I wonder what Sequoia thinks about the 500,000 shares that Pearson was awarded "in error" and then returned the shares later to the company to fix the error, but Pearson apparently retained a $28 million profit according to SIRF.

Ackman defends his enormous disproportionate investment in Valeant as well. He must have believed the story that Valeant was making it easier for physicians to get expensive drugs to their patients and someone else would work out the insurance details. Valeant would continue to make gobs of money on a model that was sucking money out of the PBM's and just passing on the high cost to all enrollees of a drug plan. The model was basically like a magic trick, from what I am learning now.

What planet are they living on?????

Taking huge bets on stuff they really didn't understand as well as they should have. Or has this become delusionary for these big investors. Perhaps they should check into a hospital. As the disclosures about Valeant roll out, their past judgement is called into question in the least.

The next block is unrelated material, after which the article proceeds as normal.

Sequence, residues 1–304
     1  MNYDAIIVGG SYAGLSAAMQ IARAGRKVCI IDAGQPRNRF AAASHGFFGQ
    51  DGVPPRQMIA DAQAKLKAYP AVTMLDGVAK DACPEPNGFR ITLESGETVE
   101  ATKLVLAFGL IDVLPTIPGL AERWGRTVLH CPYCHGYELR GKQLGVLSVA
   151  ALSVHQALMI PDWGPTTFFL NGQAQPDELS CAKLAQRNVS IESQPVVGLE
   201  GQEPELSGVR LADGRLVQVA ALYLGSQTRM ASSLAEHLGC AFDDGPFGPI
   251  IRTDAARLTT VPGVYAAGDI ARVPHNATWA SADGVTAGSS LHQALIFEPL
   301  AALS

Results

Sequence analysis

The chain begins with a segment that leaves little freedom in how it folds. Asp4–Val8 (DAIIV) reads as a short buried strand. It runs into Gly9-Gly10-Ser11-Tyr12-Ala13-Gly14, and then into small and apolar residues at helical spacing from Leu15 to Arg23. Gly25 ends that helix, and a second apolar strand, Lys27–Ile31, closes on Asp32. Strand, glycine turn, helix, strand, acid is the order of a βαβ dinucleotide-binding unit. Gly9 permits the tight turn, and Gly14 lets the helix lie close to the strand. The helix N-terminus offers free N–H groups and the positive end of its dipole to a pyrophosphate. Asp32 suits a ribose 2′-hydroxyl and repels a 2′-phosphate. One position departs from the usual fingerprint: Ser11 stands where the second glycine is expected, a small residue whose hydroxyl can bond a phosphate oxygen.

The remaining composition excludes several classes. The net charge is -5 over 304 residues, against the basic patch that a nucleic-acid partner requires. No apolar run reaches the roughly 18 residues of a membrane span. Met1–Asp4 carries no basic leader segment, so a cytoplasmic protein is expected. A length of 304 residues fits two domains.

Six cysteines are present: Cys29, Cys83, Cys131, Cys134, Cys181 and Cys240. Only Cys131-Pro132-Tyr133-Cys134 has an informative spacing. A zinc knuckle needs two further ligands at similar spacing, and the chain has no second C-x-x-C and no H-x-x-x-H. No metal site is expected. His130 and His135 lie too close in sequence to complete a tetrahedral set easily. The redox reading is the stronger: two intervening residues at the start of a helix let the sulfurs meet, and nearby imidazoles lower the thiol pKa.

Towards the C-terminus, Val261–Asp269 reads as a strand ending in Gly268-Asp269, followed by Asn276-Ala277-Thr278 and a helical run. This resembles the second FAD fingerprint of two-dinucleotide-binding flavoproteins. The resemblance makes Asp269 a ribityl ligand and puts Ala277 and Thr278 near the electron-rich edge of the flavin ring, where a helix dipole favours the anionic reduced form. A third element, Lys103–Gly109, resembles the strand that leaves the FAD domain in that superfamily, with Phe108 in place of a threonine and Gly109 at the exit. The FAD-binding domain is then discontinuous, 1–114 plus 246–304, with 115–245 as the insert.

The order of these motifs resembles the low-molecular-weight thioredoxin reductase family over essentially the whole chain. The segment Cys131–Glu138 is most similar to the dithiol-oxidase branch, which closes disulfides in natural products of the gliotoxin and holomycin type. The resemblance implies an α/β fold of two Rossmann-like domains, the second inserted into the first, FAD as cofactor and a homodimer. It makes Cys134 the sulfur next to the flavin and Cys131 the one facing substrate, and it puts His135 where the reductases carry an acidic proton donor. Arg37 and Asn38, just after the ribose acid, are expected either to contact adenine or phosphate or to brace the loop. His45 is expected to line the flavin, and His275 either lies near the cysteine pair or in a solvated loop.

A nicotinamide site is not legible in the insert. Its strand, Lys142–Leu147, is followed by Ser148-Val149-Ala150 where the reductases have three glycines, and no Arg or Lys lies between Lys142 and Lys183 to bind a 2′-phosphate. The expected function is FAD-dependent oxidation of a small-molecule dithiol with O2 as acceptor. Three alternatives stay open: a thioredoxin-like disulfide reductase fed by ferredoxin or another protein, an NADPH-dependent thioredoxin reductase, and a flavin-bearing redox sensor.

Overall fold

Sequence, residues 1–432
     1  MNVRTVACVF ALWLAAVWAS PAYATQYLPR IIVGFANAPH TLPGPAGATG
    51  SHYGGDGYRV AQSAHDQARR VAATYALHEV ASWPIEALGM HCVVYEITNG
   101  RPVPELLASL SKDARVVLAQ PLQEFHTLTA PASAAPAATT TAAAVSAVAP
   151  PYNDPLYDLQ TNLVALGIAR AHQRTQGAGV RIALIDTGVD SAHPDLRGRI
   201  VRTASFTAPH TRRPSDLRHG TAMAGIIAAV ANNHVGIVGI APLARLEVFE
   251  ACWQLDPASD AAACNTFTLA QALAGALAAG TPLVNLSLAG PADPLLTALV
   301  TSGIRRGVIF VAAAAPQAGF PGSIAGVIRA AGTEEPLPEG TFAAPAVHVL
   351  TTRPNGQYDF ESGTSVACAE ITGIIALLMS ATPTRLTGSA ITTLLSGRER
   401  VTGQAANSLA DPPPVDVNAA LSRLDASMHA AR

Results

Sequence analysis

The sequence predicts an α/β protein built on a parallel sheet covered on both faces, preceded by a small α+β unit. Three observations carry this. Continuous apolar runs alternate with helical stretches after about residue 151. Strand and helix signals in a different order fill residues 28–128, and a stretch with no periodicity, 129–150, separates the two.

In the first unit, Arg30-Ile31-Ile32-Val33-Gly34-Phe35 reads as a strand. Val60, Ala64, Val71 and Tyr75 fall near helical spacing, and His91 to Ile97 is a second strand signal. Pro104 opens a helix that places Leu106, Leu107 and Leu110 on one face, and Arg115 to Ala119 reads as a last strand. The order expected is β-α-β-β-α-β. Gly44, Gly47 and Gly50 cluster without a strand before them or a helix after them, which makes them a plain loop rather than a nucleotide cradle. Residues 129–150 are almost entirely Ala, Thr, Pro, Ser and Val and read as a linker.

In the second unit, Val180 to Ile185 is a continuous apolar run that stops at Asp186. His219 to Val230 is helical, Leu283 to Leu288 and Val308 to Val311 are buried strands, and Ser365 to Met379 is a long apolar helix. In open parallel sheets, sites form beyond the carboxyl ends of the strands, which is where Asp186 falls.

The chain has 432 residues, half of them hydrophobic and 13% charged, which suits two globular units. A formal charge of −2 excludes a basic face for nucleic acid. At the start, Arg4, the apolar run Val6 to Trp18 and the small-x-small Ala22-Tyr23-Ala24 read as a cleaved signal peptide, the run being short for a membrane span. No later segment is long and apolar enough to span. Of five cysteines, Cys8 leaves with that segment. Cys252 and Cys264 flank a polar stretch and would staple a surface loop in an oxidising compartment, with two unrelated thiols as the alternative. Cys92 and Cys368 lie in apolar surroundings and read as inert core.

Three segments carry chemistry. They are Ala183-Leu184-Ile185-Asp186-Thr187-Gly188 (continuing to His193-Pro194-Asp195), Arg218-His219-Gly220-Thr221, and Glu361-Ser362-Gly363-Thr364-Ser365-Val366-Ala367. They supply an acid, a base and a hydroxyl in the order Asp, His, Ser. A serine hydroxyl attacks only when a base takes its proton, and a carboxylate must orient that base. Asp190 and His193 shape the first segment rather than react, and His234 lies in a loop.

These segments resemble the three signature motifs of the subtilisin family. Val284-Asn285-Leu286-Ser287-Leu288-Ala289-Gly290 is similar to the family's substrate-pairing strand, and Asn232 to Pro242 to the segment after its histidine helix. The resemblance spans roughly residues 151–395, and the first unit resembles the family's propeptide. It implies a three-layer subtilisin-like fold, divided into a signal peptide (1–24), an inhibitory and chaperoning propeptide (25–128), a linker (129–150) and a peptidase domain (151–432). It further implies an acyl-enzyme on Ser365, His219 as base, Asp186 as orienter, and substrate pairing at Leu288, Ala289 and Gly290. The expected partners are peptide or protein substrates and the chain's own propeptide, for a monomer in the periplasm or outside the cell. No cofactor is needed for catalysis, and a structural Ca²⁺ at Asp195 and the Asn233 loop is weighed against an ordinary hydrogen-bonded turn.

You can't make it up. A great Hollywood script is in process.

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The content contained in this blog represents the opinions of Mr. Hempton. Mr. Hempton may hold either long or short positions in securities of various companies discussed in the blog based upon Mr. Hempton's recommendations. The commentary in this blog in no way constitutes a solicitation of business or investment advice. In fact, it should not be relied upon in making investment decisions, ever. It is intended solely for the entertainment of the reader, and the author.  In particular this blog is not directed for investment purposes at US Persons.